The Jupiter-size object, called WD 1856 b, is about seven times larger than the white dwarf, named WD 1856+534.
It circles this stellar cinder every 34 hours, more than 60 times faster than Mercury orbits our Sun.
"WD 1856 b somehow got very close to its white dwarf and managed to stay in one piece," said Andrew Vanderburg, an assistant professor of astronomy at the University of Wisconsin-Madison.
“The white dwarf creation process destroys nearby planets, and anything that later gets too close is usually torn apart by the star’s immense gravity," Vanderburg added.
"We still have many questions about how WD 1856 b arrived at its current location without meeting one of those fates," he further said.
A paper about the system, led by Vanderburg and including several NASA co-authors, appears in the Sept. 17 issue of Nature and is now available online.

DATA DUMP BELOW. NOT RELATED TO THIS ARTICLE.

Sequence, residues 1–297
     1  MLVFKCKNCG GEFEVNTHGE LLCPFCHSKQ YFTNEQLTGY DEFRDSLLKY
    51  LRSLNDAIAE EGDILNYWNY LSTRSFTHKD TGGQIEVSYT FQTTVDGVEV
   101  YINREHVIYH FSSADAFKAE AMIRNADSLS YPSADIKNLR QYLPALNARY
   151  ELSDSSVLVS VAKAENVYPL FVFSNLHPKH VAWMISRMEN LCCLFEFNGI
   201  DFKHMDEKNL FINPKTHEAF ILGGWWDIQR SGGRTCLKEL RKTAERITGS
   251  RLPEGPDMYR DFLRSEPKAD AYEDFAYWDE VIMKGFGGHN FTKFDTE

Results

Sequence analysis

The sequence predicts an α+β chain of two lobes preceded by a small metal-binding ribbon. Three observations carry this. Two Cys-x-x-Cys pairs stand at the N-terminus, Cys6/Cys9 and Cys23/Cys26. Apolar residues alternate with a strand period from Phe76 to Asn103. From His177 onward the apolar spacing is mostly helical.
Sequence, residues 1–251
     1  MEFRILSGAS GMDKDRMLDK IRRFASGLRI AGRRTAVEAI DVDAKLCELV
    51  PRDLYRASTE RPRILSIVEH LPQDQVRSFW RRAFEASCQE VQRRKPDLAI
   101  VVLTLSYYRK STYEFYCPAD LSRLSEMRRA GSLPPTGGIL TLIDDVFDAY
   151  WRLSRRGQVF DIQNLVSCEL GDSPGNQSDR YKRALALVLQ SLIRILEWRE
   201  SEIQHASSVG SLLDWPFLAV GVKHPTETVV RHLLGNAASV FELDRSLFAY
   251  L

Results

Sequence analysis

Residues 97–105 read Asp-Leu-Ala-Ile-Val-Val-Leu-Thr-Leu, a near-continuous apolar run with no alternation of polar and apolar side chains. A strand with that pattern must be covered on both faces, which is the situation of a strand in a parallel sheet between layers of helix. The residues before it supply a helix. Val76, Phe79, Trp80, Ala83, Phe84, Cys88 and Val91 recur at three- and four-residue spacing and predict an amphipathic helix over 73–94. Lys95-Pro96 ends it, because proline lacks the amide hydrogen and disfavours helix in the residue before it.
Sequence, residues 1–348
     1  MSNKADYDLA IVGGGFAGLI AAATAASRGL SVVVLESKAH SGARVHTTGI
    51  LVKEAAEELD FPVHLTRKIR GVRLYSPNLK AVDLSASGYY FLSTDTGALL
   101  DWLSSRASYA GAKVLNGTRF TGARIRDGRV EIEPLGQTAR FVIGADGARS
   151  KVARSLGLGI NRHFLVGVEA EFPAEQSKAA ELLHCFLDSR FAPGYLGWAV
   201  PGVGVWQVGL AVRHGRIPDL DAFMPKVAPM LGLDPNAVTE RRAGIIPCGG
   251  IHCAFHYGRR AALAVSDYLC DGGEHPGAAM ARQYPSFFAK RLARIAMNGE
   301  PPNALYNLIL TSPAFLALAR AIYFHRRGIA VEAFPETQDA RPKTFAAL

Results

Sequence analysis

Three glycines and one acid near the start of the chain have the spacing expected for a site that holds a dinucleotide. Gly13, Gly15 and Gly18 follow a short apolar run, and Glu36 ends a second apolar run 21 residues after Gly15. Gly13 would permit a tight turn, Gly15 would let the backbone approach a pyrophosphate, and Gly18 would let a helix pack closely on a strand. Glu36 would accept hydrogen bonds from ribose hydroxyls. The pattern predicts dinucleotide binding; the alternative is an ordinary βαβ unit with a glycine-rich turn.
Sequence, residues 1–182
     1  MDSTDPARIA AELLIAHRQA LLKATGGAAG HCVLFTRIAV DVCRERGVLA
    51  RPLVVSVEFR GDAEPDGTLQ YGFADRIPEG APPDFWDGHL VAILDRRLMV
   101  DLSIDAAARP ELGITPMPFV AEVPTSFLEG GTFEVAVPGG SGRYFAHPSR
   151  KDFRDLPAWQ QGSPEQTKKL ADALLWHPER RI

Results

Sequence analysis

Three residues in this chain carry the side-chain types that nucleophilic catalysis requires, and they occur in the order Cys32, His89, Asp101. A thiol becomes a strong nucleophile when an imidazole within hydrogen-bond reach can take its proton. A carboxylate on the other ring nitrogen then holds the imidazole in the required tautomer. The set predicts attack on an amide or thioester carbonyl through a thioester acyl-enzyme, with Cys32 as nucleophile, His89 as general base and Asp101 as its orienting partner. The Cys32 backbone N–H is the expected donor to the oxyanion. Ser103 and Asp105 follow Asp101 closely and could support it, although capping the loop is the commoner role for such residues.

TESS monitors large swaths of the sky, called sectors, for nearly a month at a time.
This long gaze allows the satellite to find exoplanets, or worlds beyond our solar system, by capturing changes in stellar brightness caused when a planet crosses in front of, or transits, its star.
The satellite spotted WD 1856 b about 80 light-years away in the northern constellation Draco.
It orbits a cool, quiet white dwarf that is roughly 11,000 miles (18,000 kilometres) across, maybe up to 10 billion years old and is a distant member of a triple star system.
When a Sun-like star runs out of fuel, it swells up to hundreds to thousands of times its original size, forming a cooler red giant star.
Eventually, it ejects its outer layers of gas, losing up to 80 per cent of its mass.
The remaining hot core becomes a white dwarf. Any nearby objects are typically engulfed and incinerated during this process, which in this system would have included WD 1856 b in its current orbit.
Vanderburg and his colleagues estimate the possible planet must have originated at least 50 times farther away from its present location.
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